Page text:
Ari diving

Ariella fins through the Rainbow River channel, calmly enjoying her BLU3 Nomad experience.

Image Courtesy of Blu3

Ariella and I were a good match in the water, moving at the same speed, writers’ eyes devouring the underwater scenery.

Diving with no more gear than a weight belt was liberating. I stretched my arms out like a bird and skimmed my fingers through the long algae-covered grass to either side of me.

The river had carved out a clear channel and as we enjoyed the drift back, I couldn’t help but reach for the GoPro clipped to my weight belt. This experience needed capturing.

Related Reading: 10 Tips for Taking Great Videos Underwater

Ariella was a good subject for the camera, her white fins and red slug weights standing out against the green-blue backdrop and her long ponytail, segmented as it was, made her look like a blonde version of Lara Croft, her adventurous personality a perfect match. An avid freediver, I was curious to know what she thought of this system—how did it feel to her, already so used to luxuriating in the lack of dive gear.

Before long Blake and another diver joined us. They explored with even more confidence than we did, looking as natural as the native fish curious enough to follow our meandering—small schools of bluegill and the occasional grumpy looking largemouth bass.

Rainbow River Ari

Rainbow Springs is a beautiful peaceful dive site and a perfect place to try new equipment.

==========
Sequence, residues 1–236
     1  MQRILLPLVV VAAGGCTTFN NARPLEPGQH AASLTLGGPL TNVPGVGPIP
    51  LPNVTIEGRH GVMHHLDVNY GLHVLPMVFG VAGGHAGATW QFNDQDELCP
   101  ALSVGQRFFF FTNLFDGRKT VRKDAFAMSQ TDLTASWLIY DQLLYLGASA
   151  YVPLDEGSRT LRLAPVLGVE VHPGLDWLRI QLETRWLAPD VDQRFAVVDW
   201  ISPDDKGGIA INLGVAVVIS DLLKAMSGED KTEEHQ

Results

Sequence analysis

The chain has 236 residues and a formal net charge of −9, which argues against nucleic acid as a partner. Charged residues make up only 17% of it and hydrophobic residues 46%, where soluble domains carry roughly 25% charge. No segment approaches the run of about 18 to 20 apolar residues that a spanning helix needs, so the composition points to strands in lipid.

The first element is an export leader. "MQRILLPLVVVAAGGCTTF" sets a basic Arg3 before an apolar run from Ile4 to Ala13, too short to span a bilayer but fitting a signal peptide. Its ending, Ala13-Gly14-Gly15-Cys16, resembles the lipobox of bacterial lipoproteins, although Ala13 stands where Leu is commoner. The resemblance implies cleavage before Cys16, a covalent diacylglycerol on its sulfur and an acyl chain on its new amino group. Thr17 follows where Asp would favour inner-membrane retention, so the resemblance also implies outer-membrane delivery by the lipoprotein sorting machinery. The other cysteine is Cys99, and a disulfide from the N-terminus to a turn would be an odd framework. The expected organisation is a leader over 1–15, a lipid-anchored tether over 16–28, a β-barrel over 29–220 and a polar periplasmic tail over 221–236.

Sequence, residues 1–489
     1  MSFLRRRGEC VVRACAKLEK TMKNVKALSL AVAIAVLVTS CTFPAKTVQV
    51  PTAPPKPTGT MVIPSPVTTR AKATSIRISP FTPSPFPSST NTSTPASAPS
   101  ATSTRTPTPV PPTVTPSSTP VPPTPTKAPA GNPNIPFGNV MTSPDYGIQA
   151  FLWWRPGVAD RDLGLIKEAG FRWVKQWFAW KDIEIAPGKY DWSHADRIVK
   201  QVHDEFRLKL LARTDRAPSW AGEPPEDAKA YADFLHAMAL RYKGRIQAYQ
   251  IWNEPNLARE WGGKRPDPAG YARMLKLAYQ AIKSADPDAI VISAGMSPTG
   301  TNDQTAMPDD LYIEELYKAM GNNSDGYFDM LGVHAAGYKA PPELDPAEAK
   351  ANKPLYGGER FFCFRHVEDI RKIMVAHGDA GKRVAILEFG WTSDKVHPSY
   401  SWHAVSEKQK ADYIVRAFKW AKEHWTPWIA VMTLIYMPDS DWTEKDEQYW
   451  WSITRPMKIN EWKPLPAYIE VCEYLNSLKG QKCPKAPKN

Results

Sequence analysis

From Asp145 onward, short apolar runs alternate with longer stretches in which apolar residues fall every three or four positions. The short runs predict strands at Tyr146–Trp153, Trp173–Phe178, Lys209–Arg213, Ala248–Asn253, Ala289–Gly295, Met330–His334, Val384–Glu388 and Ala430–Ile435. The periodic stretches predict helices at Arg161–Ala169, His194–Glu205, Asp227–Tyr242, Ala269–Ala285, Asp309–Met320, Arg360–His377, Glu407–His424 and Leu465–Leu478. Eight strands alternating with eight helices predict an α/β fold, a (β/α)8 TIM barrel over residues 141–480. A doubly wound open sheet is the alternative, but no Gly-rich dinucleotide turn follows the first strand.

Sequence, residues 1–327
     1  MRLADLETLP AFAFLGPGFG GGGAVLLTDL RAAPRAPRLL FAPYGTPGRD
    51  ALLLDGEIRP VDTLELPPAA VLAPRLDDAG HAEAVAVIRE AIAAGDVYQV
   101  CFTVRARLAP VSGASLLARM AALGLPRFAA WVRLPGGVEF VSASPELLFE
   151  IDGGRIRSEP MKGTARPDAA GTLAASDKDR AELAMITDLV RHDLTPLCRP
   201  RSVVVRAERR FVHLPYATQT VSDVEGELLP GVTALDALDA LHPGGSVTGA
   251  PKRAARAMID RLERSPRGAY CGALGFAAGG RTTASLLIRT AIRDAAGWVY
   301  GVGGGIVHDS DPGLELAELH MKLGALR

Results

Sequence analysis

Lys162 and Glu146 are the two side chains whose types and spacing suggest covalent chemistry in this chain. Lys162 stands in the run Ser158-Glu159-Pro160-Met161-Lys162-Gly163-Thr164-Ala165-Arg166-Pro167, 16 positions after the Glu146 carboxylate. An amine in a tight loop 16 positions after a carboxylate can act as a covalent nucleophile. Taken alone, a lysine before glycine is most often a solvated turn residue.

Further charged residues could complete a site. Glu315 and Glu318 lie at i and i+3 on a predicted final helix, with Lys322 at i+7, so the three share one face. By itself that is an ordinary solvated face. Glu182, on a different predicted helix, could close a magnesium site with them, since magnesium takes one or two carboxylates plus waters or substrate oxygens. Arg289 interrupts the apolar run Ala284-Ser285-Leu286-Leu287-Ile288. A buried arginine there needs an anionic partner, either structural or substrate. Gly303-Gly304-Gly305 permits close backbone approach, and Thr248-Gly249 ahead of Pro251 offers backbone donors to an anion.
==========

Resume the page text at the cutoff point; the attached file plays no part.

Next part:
Image Courtesy of Blu3

Ariella and I swayed with the river grasses, dipping into larger, deeper basins. At one point we saw water gushing out of huge hole, perhaps even a cavern. After at least 45 minutes I began to feel the cold and I noticed breathing was getting harder—my Nomad’s battery life was drawing down.

I decided to call it quits and signaled to Ariella that I was cold. We returned to the surface to find our team on paddleboards behind us; they were tracking the bobbing blue Nomads with bright red dive flags atop them.

“How was it?” a colleague asked as I clambered onto the dock.

It took a second for me to think of a response.

“It’s like scuba but it’s also not. It’s a game-changer.”

I suspect that one day I'll come across this system world over. Instead of "snuba" tours, people will be doing guided BLU3 tours. I’ll watch a bachelorette party or a family opt-in to the experience and I’ll maybe even glimpse their their first dive, their astonishment at the existence of a world they never imagined until now.

Blu3, Candice and Ari

BLU3 and Scuba Diving magazine.

Ariella Simke

Need to Know:

The dive site: Rainbow River Springs State Park.

Water temperature: 72 degrees, pretty much year-round.

Average depth: 10 to 20 feet.

What do BLU3’s tankless diving systems cost? The Nemo starts at $1,299, and the Nomad at $1,999. Prices were up-to-date at the time of writing.

What other accessories will you need: Fins, mask, snorkel and weight belt. We recommend Bright Weights as they’re easy to adjust. 1.1lb slugs can be popped in and out at the drop of a hat.